Prime Minister Narendra Modi on Wednesday said India is using technology as a weapon in the war against poverty, and the country’s youth have ensured tech and talent globalisation.
In his video message to the Bengaluru Tech Summit (BTS), he also said India is no more a place known for red tape. ”It is known for red carpet for investors. Whether it is FDI reforms, or liberalisation of drone rules, or steps in the semiconductor sector, or the production incentive schemes in various sectors, or the rise of ease of doing business”, he told the 25th edition of Asia’s largest technology event.
India has many excellent factors coming together, Modi noted.
”Your investment and our innovation can do wonders. Your trust and our tech talent can make things happen. I invite you all to work with us as we lead the world in solving its problems.” India’s technology and innovation, he said, have already impressed the world. ”But the future will be much bigger than our present. Because India has innovative youth and increasing tech access”.
Noting that the power of India’s youth is known across the world, Modi said they have ensured tech globalisation and talent globalisation. ”Healthcare, management, finance – you will find young Indians leading many domains. We are using our talent for global good. Even in India, their impact is being seen,” he said. India, Modi said, jumped to the 40th rank in the Global Innovation Index this year. ”In 2015, we were ranked 81. The number of unicorn start-ups in India has doubled since 2021. We are now the 3rd largest start-up hub in the world. We have over 81,000 recognised startups. There are hundreds of international companies that have R&D centres in India. This is due to India’s talent pool,” he said.
Modi said Indian youth are being empowered by increasing tech access. A mobile and data revolution is happening in the country. In the last eight years, broadband connections rose from 60 million to 810 million, smartphone users went up from 150 million to 750 million. The growth of the internet is faster in rural areas than in urban areas. A new demography is being connected to the information superhighway, he said.
For a long time, Modi said, technology was seen as an exclusive domain, and it was said to be only for the high and mighty. ”But India has shown how to democratise technology. India has also shown how to give tech a human touch. In India, technology is a force of equality and empowerment,” he said. Referring to the world’s largest health insurance scheme, ‘Ayushman Bharat,’ the PM said it provides a safety net for nearly 200 million families. ”It means, about 600 million people. This programme is run based on a tech platform. India ran the world’s largest COVID-19 vaccine drive. It was run through a tech-based platform called COWIN”. Speaking on the education sector, he said India has one of the largest online repositories of open courses. There are thousands of courses available across different subjects. Over 10 million successful certifications have happened. This is all done online and free. ”Our data tariffs are among the lowest in the world. During COVID-19, low data costs helped poor students to attend online classes. Without this, two precious years would have been lost for them”, Modi said.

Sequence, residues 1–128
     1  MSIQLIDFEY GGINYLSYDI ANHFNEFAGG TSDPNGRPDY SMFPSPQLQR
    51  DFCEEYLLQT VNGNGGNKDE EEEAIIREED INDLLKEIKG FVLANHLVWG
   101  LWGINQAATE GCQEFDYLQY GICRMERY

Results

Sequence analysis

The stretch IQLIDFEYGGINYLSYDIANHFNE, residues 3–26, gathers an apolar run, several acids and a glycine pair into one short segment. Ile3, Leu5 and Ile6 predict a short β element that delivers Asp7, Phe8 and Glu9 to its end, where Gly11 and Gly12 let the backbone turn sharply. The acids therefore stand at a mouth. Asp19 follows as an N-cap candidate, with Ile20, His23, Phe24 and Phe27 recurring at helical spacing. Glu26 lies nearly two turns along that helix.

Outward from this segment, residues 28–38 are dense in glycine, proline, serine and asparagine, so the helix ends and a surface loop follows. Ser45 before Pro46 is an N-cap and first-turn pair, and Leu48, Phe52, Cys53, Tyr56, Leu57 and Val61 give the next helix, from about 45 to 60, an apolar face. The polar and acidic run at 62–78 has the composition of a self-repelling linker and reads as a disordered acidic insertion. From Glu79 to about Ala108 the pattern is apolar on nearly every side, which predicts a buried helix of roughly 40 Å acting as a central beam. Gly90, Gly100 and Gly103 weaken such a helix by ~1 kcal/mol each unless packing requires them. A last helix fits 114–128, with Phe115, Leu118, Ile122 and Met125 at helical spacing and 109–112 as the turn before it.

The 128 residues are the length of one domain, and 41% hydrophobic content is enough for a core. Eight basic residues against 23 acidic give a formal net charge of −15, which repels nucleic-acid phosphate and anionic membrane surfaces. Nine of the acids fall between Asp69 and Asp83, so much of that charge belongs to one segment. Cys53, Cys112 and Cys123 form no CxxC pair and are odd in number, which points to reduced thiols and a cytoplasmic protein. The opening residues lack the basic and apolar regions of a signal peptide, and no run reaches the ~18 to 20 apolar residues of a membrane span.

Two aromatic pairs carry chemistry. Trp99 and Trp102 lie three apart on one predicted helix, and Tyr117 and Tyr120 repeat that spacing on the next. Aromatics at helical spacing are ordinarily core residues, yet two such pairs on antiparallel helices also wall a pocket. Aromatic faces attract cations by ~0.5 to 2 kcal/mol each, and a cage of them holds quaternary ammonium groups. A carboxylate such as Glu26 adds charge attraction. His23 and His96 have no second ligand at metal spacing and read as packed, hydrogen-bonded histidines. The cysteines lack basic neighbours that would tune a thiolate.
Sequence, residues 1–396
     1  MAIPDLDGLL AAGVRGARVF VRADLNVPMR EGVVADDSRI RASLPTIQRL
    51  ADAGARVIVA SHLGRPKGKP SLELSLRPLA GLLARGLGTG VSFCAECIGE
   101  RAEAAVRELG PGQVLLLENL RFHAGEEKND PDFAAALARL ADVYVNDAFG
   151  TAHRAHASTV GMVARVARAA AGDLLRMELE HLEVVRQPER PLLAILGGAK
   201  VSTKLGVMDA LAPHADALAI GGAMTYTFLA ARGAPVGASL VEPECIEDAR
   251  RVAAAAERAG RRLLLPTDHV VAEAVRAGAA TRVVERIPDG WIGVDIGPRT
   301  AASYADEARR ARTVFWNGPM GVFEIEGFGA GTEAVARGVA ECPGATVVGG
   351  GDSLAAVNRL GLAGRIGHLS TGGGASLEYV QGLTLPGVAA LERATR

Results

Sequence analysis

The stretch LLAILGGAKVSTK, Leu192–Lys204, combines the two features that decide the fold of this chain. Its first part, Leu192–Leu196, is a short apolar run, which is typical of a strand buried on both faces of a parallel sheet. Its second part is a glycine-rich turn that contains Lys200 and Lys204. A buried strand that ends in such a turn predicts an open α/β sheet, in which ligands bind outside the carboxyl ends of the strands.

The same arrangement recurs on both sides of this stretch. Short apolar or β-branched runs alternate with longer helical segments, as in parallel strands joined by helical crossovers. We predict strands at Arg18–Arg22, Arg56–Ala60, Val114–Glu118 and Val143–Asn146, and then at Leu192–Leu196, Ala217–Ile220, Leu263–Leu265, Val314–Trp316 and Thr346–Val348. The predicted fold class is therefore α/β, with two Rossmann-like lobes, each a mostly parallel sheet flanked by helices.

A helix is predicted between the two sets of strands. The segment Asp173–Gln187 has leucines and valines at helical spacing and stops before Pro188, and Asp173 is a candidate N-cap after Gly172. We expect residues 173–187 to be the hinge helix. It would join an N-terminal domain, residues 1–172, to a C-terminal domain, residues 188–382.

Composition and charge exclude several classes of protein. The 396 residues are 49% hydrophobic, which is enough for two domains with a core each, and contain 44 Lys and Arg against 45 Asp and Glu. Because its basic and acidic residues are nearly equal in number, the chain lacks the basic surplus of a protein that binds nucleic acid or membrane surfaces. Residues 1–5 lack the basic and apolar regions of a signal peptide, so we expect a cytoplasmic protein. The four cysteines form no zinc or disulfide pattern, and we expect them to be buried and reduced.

The Prime Minister said India is using technology as a weapon in the war against poverty. ”Under the ‘Svamitva’ scheme, we are using drones to map lands in rural areas. Then, property cards are given to the people. This reduces land disputes. It also helps the poor to access financial services and credit”, he said. During COVID-19, many countries were struggling with a problem. They knew people needed help. They knew benefit transfers would help. But they did not have the infrastructure to take benefits to people. But India showed how technology could be a force for the good. ”Our ‘Jan Dhan Aadhar Mobile Trinity’ gave us the power to directly transfer benefits. Benefits went directly to authenticated and verified beneficiaries. Billions of rupees reached the bank accounts of the poor”, he said. ”During COVID-19, everyone was worried about small businesses. We helped them but we went one step further. We help street vendors access working capital to restart businesses. Those who start using digital payments are given incentives. This is making digital transactions a way of life for them.” ”Have you heard of a government running a successful e-commerce platform? It has happened in India. We have the Government e-Marketplace, also called GeM,” he said. It is a platform where small traders and businesses fulfil the government’s needs. Technology has helped small businesses find a big customer. At the same time, this has reduced the scope for corruption. Similarly, technology has helped with online tendering. This has accelerated projects and boosted transparency. It has also hit a procurement value of Rs one trillion last year, Modi said.
The Prime Minister emphasised on the importance of innovation.
”But when backed by integration, it becomes a force”, he said. ”Technology is being used to end silos, enable synergy and ensure service. On a shared platform, there are no silos”. Citing the PM Gati Shakti National Masterplan, Modi said India is investing over Rs 100 trillion in infrastructure over the next few years. The number of stakeholders in any infra project is huge. Traditionally, in India, big projects were often delayed. Exceeding expenses, and extending timelines used to be common. ”But now, we have the Gati Shakti shared platform. The central government, state governments, district administrations, different departments can coordinate. Each of these knows what the other is doing.” ”Information relating to projects, land use and institutions are available at a single place. So, each stakeholder sees the same data. This improves coordination and solves problems even before they occur. It is accelerating approvals and clearances,” he said.